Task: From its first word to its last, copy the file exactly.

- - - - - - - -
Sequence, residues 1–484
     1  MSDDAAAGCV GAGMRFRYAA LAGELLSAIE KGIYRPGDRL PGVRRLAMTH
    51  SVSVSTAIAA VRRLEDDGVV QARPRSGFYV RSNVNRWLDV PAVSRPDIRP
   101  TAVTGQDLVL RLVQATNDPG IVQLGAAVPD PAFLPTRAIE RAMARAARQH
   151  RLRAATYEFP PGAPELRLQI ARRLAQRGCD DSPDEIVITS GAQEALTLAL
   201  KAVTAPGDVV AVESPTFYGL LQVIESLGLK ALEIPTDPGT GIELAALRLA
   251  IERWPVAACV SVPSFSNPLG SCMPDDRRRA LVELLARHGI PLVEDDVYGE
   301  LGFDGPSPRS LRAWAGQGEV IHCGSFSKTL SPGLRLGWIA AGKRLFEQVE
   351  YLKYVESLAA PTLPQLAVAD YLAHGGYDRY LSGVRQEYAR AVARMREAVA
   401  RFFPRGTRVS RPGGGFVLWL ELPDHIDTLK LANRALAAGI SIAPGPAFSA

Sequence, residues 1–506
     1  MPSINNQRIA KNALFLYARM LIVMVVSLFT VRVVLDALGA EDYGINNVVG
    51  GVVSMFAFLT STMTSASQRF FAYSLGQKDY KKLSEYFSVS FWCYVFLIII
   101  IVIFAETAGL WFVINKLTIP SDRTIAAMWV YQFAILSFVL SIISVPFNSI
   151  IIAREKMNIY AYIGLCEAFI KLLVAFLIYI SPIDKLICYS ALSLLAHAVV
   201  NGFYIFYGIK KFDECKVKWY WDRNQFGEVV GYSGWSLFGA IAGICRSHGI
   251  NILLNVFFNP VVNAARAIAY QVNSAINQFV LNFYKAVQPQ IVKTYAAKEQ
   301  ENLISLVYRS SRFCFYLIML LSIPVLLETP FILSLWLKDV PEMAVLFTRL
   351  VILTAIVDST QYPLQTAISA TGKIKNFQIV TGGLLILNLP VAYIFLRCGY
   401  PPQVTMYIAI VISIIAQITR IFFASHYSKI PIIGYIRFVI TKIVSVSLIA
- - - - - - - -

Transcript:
Sequence, residues 1–484
     1  MSDDAAAGCV GAGMRFRYAA LAGELLSAIE KGIYRPGDRL PGVRRLAMTH
    51  SVSVSTAIAA VRRLEDDGVV QARPRSGFYV RSNVNRWLDV PAVSRPDIRP
   101  TAVTGQDLVL RLVQATNDPG IVQLGAAVPD PAFLPTRAIE RAMARAARQH
   151  RLRAATYEFP PGAPELRLQI ARRLAQRGCD DSPDEIVITS GAQEALTLAL
   201  KAVTAPGDVV AVESPTFYGL LQVIESLGLK ALEIPTDPGT GIELAALRLA
   251  IERWPVAACV SVPSFSNPLG SCMPDDRRRA LVELLARHGI PLVEDDVYGE
   301  LGFDGPSPRS LRAWAGQGEV IHCGSFSKTL SPGLRLGWIA AGKRLFEQVE
   351  YLKYVESLAA PTLPQLAVAD YLAHGGYDRY LSGVRQEYAR AVARMREAVA
   401  RFFPRGTRVS RPGGGFVLWL ELPDHIDTLK LANRALAAGI SIAPGPAFSA

Sequence, residues 1–506
     1  MPSINNQRIA KNALFLYARM LIVMVVSLFT VRVVLDALGA EDYGINNVVG
    51  GVVSMFAFLT STMTSASQRF FAYSLGQKDY KKLSEYFSVS FWCYVFLIII
   101  IVIFAETAGL WFVINKLTIP SDRTIAAMWV YQFAILSFVL SIISVPFNSI
   151  IIAREKMNIY AYIGLCEAFI KLLVAFLIYI SPIDKLICYS ALSLLAHAVV
   201  NGFYIFYGIK KFDECKVKWY WDRNQFGEVV GYSGWSLFGA IAGICRSHGI
   251  NILLNVFFNP VVNAARAIAY QVNSAINQFV LNFYKAVQPQ IVKTYAAKEQ
   301  ENLISLVYRS SRFCFYLIML LSIPVLLETP FILSLWLKDV PEMAVLFTRL
   351  VILTAIVDST QYPLQTAISA TGKIKNFQIV TGGLLILNLP VAYIFLRCGY
   401  PPQVTMYIAI VISIIAQITR IFFASHYSKI PIIGYIRFVI TKIVSVSLIA